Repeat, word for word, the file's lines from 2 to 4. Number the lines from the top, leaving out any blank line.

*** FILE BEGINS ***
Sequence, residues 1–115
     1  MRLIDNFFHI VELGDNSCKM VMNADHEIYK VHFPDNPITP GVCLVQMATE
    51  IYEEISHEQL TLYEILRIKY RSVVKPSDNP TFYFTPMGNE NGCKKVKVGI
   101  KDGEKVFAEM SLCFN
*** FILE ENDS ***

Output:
     1  MRLIDNFFHI VELGDNSCKM VMNADHEIYK VHFPDNPITP GVCLVQMATE
    51  IYEEISHEQL TLYEILRIKY RSVVKPSDNP TFYFTPMGNE NGCKKVKVGI
   101  KDGEKVFAEM SLCFN